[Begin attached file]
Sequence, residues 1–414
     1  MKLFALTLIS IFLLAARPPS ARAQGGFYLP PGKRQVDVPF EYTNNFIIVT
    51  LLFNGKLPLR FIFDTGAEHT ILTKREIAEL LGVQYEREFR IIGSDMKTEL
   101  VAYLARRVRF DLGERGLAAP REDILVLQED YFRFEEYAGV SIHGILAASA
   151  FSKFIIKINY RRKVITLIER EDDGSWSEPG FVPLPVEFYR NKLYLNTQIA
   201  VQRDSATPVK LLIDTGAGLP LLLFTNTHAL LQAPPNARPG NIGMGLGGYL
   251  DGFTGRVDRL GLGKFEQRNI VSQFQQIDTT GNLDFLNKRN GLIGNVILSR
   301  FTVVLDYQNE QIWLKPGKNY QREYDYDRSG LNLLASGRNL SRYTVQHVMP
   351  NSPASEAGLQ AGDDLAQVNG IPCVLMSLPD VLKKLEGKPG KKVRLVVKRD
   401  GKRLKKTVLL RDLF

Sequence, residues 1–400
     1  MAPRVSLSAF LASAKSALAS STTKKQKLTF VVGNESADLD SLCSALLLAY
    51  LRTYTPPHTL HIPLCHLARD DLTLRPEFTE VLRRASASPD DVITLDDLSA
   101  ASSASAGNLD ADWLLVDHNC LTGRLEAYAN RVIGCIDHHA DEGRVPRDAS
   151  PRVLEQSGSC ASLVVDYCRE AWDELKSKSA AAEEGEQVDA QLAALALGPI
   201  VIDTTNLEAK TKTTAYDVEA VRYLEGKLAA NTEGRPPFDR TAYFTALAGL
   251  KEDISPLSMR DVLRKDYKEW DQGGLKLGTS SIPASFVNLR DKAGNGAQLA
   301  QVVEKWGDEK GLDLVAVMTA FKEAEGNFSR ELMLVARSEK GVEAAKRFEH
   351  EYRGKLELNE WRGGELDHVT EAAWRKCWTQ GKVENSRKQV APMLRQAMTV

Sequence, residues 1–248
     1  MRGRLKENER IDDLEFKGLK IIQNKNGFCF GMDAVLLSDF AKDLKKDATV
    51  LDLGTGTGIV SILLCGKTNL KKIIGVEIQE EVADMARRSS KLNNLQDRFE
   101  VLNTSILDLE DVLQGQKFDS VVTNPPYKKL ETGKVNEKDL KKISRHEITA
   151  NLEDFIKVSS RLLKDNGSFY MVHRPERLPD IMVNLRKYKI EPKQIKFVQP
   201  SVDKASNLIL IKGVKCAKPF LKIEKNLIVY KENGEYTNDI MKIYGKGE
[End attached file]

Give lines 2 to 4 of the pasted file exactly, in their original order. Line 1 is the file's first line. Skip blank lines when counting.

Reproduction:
     1  MKLFALTLIS IFLLAARPPS ARAQGGFYLP PGKRQVDVPF EYTNNFIIVT
    51  LLFNGKLPLR FIFDTGAEHT ILTKREIAEL LGVQYEREFR IIGSDMKTEL
   101  VAYLARRVRF DLGERGLAAP REDILVLQED YFRFEEYAGV SIHGILAASA